Treasurer Joe Hockey is expected to announce a tax on savings accounts which will earn the government hundreds of millions of dollars a year but come at the expense of savers.
The tax, which will be charged on deposit transactions, is a return of the Financial Institutions Duty (FID) which was abolished in 2001 when the Howard government introduced the Goods and Services Tax.
When former Treasurer Peter Costello introduced the GST, a major plank of his sales pitch was that government duties on bank accounts would be abolished.
Before 2001, withdrawals made on cheque accounts attracted the Bank Accounts Debit Tax (BAD Tax) and deposit transactions were hit with the FID. State and Federal governments reaped billions each year from these banking-related taxes until they were removed in July 2001.
But the Abbott government is now planning to resurrect a variation of the FID on the grounds that the extra cash will help to fund the federal government’s guarantee of bank deposits.
Under the guarantee, the government says it will compensate all depositors up to $250,000 on accounts held with a bank or credit union that goes under.
Until now, the federal Coalition had been opposed to introducing such a tax on the grounds that it would erode the savings of retirees.
The ALP included a similar proposal in its policy platform at the 2013 election, so the idea now has bipartisan support.
In a curious case of politicking, Mr Hockey on Sunday blamed Shadow Treasurer Chris Bowen for raising the idea for the tax.
“There are many things I don’t like that I have to implement at the moment that have been a legacy from six years of bad Labor government,” Mr Hockey told Network Ten on Sunday.
“This was announced by Chris Bowen, so it’s Chris Bowen’s tax.”
Mr Hockey said a final decision on the proposal would be announced as part of the government’s response to the Murray Inquiry’s recommendations for overhauling the financial system.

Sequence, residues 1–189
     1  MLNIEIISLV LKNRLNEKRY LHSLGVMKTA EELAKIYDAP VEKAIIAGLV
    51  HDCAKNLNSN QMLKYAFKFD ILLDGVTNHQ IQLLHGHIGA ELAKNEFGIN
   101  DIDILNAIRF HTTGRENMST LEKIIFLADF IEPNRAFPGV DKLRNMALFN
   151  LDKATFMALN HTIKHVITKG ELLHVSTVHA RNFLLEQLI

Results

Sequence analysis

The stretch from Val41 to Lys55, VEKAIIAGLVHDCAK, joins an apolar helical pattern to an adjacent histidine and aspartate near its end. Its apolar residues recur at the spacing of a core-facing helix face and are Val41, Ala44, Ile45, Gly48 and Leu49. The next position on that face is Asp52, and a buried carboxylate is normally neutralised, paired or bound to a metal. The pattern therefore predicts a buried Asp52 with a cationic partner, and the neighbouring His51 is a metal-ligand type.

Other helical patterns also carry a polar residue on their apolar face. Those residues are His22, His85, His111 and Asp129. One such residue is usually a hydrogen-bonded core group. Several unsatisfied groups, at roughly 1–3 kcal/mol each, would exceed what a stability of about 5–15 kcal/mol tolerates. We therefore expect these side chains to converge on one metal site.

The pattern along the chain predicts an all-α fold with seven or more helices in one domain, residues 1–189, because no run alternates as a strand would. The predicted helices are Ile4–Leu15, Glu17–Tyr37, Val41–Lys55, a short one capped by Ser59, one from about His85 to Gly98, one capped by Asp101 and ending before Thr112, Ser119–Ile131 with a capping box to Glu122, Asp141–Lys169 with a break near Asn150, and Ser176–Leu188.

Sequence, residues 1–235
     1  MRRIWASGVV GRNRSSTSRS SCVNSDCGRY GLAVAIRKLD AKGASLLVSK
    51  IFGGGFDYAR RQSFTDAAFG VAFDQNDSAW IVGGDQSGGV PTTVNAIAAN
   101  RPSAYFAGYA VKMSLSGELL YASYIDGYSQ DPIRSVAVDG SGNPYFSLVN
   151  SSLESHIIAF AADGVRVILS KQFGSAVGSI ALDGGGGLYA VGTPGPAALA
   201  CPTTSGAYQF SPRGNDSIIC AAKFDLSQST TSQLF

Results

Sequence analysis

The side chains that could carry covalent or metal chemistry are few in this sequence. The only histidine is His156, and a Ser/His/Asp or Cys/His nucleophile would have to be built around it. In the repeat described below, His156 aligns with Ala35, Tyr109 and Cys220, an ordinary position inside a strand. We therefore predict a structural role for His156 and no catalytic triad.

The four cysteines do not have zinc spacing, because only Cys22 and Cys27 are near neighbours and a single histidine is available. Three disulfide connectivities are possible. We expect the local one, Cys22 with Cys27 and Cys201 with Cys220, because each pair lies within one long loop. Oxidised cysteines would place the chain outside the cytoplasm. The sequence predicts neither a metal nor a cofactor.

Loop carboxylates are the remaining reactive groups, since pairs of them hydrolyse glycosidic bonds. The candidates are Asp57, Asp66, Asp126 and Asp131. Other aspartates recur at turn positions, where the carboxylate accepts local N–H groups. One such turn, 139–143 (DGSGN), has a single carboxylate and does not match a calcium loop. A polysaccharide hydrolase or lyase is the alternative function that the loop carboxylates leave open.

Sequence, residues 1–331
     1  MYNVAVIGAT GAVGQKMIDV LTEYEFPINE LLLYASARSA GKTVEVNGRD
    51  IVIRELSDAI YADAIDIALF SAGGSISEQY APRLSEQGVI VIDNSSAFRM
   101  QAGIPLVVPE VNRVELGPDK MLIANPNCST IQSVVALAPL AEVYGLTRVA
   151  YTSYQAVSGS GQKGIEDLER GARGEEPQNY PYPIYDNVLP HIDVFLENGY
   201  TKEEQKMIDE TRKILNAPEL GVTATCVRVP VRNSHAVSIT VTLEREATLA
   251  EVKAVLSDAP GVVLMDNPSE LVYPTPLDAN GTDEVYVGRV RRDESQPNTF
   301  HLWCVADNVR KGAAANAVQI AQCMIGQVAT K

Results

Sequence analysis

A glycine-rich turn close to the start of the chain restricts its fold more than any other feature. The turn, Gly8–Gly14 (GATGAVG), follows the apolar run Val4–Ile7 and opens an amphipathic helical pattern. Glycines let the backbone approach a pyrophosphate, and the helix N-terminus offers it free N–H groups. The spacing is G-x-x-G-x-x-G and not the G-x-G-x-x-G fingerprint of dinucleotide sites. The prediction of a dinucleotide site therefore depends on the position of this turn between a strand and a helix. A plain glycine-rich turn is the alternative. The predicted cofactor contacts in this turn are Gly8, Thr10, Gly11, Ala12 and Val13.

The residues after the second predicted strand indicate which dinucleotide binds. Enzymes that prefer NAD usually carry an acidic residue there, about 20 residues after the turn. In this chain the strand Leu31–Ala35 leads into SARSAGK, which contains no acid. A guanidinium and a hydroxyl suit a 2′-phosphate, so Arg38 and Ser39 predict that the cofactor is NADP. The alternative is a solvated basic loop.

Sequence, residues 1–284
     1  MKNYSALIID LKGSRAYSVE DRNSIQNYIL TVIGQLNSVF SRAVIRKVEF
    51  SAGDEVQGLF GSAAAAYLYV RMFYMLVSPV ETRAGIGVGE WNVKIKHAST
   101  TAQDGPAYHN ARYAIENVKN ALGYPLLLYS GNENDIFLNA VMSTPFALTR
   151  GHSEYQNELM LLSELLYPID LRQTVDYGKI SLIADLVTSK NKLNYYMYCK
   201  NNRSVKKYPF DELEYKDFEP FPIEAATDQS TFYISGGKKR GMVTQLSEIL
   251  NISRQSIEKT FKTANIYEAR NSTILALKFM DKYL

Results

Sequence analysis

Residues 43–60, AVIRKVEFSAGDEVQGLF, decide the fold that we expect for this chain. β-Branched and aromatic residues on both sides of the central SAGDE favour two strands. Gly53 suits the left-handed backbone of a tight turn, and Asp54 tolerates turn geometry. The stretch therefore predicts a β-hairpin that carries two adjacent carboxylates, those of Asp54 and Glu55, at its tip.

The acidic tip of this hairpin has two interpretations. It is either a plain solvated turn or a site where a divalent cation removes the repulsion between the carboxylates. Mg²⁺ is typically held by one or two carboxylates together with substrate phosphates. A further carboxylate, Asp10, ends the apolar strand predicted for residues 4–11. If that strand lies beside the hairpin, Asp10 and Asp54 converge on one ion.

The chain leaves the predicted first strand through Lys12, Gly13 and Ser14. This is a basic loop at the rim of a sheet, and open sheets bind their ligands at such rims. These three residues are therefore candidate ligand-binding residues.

The proposed duty on bank deposits is controversial because, if implemented, it would break the Abbott government’s promise not to introduce any new taxes in its first term.
It would also undermine the tax relief arrangements that Mr Costello established to pave the way for the GST.
As a junior Treasury minister in 2001, Mr Hockey argued for the introduction of the GST on the basis that other taxes were being dumped.
It is not clear how much the government wants to swipe each year from Australian bank accounts.
However it has been suggested that the proposed tax would be imposed at roughly the same rate as the defunct FID. The FID was levied at 0.06 per cent on all deposits. In 2001 the FID harvested $1.2 billion from Australian depositors.
The total deposits held at Australian banks and credit unions grew by $130 billion to $1.8 trillion last year. If the proposed tax had been levied at the FID rate in 2014, the government would have collected almost $800 million. But that is only a minimum estimate because deposit taxes are by their nature “repeat taxes”.
For example, depositors who habitually roll over term deposits every three months would attract a duty four times a year because they are technically changing accounts each quarter.
Major banks will fight
Several of the major banks have already signalled their opposition to such a duty, arguing that they will be forced to pass on additional costs to customers.
ANZ chief executive Mike Smith said the duty would mostly disadvantage retirees who were already struggling with record low rates on term deposit accounts.
The Australian Bankers’ Association last week pre-empted the leaking of the government proposal by releasing a research report on the annual tax paid by local banks.
According to the report, Australian banks pay more tax than banks in other developed countries such as the USA and Britain. The aggregate tax paid by six locally-listed banks was $13 billion last year, which equates to an effective tax rate of 28 per cent.
The effective tax rates of US banks average less than 10 per cent, the ABA report showed.